Minimum unit pricing would save 624 lives a year - compared to 14 under current alcohol policy: Study

By Rachel Arthur contact

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Policies which increase alcohol price are considered to reduce consumption level and harm
Policies which increase alcohol price are considered to reduce consumption level and harm

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A policy of minimum unit pricing on alcohol sales in England would have up to 50 times greater effect than the current ban on below cost selling, according to researchers from the University of Sheffield.

A 45p minimum unit price would save more than 600 deaths and 23,700 hospital admissions a year – compared to just 14 deaths and 500 admissions under the ban of below cost selling, according to the modelling study published by the BMJ this week.

In particular, a minimum pricing policy would be a more effective way to address the category of ‘harmful’ drinkers, the study adds.

‘Small effect’ from ban on below cost selling

Increasing the price of alcohol is considered to reduce consumption level and harm. The government’s ban on below cost selling, implemented in England in May, means the selling price to consumers cannot be lower than tax payable on the product.

However, researchers say this policy affects just 0.7% of alcohol units currently sold and is estimated to have ‘small effects’ on consumption and health harm. This compares to 23.2% of units for a 45p minimum unit price.

The proportion of the market that would be affected by price regulation is the key driver of the scale of estimated policy impact,” ​said Alan Brennan, professor of health economics and decision modelling, and one of the authors of the study.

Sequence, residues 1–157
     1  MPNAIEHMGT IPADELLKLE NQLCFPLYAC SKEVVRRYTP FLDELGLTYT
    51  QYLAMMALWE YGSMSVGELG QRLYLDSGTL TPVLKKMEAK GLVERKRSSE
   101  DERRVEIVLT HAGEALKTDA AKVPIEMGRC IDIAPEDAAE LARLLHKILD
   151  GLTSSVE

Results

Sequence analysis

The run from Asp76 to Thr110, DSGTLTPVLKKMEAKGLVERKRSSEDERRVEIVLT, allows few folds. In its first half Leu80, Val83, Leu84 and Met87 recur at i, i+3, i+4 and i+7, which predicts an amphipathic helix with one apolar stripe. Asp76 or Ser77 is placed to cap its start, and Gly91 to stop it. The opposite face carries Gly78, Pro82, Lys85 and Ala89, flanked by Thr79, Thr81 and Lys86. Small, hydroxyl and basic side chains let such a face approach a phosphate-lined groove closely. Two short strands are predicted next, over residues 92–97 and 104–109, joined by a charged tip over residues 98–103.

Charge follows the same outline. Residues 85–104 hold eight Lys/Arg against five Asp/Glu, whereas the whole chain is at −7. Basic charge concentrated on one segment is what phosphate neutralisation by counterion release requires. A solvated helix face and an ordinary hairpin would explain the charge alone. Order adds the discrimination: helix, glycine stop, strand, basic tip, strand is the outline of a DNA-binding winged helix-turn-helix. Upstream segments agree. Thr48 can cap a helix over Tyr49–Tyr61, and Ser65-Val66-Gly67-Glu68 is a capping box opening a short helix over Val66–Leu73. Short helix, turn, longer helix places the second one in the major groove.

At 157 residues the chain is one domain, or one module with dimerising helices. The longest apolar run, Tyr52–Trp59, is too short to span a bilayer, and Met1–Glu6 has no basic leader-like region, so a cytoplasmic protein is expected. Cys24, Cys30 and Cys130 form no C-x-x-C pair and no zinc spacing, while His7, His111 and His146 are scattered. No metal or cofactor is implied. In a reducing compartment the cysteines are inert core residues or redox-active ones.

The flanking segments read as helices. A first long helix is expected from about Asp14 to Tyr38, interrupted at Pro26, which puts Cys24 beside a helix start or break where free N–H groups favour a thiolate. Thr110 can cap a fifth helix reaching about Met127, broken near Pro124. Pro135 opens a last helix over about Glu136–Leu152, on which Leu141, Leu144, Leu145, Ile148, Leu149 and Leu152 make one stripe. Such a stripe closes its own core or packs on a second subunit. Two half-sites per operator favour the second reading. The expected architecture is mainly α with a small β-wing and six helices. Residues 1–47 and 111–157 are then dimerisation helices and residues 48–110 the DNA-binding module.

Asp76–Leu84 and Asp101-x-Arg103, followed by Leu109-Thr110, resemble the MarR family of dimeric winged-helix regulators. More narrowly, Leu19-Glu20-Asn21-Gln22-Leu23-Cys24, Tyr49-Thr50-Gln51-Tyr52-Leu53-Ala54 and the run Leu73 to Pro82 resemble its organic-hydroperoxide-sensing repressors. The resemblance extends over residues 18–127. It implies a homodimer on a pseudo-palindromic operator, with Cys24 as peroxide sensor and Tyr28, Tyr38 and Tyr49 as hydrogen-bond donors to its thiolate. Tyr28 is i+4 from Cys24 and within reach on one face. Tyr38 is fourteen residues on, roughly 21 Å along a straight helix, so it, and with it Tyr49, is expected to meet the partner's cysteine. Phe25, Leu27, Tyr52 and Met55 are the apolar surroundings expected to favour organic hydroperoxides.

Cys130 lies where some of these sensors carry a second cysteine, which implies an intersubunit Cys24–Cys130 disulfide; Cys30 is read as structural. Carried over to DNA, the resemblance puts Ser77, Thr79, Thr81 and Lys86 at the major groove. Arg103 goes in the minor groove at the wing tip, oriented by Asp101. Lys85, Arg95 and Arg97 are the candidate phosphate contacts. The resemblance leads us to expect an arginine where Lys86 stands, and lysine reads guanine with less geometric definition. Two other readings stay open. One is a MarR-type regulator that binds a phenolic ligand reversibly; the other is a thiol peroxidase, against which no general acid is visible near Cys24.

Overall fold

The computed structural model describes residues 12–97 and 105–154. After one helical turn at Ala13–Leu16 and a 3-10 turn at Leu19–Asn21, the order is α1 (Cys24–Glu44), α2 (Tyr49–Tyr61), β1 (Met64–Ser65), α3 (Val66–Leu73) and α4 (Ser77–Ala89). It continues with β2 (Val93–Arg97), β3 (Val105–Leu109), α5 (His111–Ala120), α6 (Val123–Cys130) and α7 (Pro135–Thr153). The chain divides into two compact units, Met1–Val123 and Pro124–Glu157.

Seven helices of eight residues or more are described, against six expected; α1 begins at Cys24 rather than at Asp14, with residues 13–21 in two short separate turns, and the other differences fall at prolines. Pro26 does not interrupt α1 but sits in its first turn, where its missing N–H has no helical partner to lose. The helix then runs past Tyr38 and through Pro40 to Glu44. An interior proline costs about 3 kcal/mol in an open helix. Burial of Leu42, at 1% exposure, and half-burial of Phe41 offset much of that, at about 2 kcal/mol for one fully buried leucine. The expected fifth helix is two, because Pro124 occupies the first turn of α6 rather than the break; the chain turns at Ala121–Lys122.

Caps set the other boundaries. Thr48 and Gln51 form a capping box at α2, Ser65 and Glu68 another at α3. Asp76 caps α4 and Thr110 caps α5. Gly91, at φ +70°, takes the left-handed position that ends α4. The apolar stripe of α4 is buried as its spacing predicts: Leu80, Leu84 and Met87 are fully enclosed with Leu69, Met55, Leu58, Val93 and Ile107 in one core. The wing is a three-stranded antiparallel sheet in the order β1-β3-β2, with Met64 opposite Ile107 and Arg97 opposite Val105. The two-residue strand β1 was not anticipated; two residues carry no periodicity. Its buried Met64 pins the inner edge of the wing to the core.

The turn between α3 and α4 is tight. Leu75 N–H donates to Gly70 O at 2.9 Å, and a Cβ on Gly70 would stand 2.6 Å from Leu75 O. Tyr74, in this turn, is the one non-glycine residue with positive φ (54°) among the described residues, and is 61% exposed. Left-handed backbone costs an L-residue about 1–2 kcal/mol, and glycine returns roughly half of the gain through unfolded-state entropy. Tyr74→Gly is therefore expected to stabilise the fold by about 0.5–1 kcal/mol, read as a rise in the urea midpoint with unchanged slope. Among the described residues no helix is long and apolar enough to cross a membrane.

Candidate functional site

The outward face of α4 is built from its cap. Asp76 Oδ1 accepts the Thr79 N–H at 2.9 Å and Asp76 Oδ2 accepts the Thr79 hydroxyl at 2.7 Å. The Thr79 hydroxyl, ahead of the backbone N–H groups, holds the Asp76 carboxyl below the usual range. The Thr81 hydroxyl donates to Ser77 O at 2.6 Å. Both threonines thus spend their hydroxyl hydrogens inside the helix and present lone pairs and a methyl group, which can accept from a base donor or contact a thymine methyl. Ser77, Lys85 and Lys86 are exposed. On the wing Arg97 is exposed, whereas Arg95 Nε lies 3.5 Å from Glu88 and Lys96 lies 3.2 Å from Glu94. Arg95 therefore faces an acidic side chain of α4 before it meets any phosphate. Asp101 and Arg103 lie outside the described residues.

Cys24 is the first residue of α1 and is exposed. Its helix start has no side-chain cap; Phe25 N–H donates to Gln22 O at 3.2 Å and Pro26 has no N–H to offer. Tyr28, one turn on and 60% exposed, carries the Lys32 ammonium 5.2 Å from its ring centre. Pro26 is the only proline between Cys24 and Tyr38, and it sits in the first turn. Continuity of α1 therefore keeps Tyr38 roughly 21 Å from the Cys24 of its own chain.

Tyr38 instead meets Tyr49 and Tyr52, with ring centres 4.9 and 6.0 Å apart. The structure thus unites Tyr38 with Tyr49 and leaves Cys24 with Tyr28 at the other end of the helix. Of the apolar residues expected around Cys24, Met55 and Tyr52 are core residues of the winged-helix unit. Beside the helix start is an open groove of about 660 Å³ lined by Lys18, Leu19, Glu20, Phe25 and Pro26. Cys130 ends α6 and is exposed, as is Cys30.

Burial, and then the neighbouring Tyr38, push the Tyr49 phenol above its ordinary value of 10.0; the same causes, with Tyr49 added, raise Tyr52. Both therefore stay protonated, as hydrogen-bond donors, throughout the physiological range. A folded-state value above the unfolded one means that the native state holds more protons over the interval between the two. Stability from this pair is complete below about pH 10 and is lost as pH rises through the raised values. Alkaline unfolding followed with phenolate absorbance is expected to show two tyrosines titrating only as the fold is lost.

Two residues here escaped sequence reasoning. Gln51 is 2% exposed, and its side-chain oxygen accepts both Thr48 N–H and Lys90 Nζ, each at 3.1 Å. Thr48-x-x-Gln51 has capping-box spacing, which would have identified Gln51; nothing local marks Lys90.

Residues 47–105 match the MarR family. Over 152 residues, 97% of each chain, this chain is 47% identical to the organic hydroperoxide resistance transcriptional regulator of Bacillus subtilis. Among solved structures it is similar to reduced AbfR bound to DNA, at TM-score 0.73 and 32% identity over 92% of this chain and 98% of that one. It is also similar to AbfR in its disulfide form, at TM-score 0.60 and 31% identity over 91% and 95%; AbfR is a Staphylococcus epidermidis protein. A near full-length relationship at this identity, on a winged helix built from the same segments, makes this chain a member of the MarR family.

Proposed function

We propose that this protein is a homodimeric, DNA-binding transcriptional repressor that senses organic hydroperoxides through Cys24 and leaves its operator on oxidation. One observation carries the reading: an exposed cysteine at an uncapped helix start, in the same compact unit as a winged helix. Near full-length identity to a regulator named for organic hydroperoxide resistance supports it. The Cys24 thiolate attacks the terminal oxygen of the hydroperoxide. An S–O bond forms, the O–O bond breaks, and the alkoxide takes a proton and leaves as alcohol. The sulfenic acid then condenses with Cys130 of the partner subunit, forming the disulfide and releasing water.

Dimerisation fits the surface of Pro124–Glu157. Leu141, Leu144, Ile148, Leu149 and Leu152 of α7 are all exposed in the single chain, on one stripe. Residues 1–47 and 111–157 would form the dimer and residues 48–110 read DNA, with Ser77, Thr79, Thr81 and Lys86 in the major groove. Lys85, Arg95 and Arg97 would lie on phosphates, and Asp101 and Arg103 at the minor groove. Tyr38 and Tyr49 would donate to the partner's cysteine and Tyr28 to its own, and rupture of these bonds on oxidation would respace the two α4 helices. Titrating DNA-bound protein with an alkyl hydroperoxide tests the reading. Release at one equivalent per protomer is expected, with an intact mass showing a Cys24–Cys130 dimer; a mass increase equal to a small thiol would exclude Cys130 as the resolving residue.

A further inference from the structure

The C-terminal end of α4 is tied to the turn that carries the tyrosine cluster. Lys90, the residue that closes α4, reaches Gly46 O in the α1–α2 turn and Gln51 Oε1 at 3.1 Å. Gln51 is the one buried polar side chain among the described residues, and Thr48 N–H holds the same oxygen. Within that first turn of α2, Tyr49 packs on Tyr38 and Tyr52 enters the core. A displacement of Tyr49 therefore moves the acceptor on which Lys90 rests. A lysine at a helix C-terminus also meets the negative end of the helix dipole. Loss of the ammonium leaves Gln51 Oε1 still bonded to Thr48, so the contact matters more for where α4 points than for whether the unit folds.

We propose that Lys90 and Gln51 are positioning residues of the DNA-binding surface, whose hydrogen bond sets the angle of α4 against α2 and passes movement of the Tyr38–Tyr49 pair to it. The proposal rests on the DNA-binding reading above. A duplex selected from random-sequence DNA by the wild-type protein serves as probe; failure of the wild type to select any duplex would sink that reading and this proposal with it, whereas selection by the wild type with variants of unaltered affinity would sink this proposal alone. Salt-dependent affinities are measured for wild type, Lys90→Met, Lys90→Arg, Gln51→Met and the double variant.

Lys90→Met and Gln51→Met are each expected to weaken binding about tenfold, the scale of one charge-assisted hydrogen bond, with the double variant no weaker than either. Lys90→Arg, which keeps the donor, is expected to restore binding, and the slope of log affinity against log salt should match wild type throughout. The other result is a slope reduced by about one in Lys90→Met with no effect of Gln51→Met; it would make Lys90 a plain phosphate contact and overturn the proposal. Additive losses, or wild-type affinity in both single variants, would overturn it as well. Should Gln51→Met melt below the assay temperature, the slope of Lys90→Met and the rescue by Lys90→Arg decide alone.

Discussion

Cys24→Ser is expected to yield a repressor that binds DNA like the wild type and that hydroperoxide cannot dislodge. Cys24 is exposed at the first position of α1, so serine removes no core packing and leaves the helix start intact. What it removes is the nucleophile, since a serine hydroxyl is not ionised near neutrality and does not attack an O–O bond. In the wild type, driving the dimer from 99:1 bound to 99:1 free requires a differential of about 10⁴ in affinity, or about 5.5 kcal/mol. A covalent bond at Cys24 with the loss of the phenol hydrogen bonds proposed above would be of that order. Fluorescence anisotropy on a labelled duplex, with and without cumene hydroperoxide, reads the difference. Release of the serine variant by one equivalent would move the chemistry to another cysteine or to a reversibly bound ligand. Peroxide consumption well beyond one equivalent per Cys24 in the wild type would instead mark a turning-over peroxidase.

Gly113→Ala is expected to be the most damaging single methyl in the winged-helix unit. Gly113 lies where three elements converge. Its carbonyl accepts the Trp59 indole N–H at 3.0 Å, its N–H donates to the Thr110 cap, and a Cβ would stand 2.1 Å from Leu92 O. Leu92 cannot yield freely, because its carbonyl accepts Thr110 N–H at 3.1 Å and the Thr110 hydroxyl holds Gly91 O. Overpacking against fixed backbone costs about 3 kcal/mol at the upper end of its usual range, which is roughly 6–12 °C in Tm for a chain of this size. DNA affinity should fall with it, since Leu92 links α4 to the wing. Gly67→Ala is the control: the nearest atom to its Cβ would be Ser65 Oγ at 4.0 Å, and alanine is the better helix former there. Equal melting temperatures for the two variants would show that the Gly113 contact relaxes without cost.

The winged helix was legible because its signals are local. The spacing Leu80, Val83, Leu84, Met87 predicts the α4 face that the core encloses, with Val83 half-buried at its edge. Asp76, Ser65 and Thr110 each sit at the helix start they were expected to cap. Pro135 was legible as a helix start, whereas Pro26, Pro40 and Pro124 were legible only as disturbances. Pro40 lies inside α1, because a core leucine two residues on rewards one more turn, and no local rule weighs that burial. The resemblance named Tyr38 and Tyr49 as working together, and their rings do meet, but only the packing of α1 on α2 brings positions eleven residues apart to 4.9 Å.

A policy of minimum unit pricing was considered by the UK government in 2012, with a base price of 40p – 50p per unit of alcohol discussed, but was withdrawn in 2013. Researchers say that, at these levels, minimum unit pricing is estimated to have approximately 40-50 times greater effect than a ban on below cost selling.

The ban on below cost selling has a small effect on population health—saving an estimated 14 deaths and 500 admissions to hospital per annum​,” said Brennan. “In contrast, a 45p minimum unit price is estimated to save 624 deaths and 23 700 hospital admission​.”

The study used the Sheffield Alcohol Policy Model (version 2.5), which took data from the general lifestyle survey 2009 on consumption. It considered 96 subgroups which took factors such as age, sex, consumption level (moderate, hazardous, and harmful) and income into account.

Effect on harmful drinkers

The greatest effect of a 45p minimum unit price policy would be seen among harmful drinkers, researchers say.

Below cost selling is estimated to reduce harmful drinkers’ mean annual consumption by just 0.08%, around 3 units per year, compared with 3.7% or 137 units per year for a 45p minimum unit price (approximately 45 times greater effect),”​ said Brennan.

Under a minimum unit price policy, the minimum selling price increases in proportion to the alcohol units contained in the drink (1 unit=7.9 g/10 mL of pure ethanol). 

"Therefore this measure would target those drinks that are high in alcohol content and sold relatively cheaply: drinks that are favoured more by those drinking at harmful levels​.”

Of the population aged 16 or more, 25.5m (61.5%) are moderate drinkers, 7.2m (17.3%) are hazardous drinkers, and 2.2m (5.3%) are harmful drinkers.

The proportion of alcohol affected by a minimum unit price varied across these subgroups: for example, a 45p minimum unit price would affect 12.5%, 19.5%, and 30.5% of units sold to moderate, hazardous, and harmful drinkers, respectively.

"In contrast, the impact of a ban on below cost selling on all drinkers would be minimal, and just 1.0% of units currently consumed by harmful drinkers would be affected.​”

Source: BMJ

Published September 30, 2014. DOI: http://dx.doi.org/10.1136/bmj.g5452

‘Potential benefits of a minimum unit pricing for alcohol versus a ban on below cost selling in England 2014: modelling study’

A Brennan, J Holmes, D Hill-McManus, P Meier. 

Related topics: Regulation & Safety

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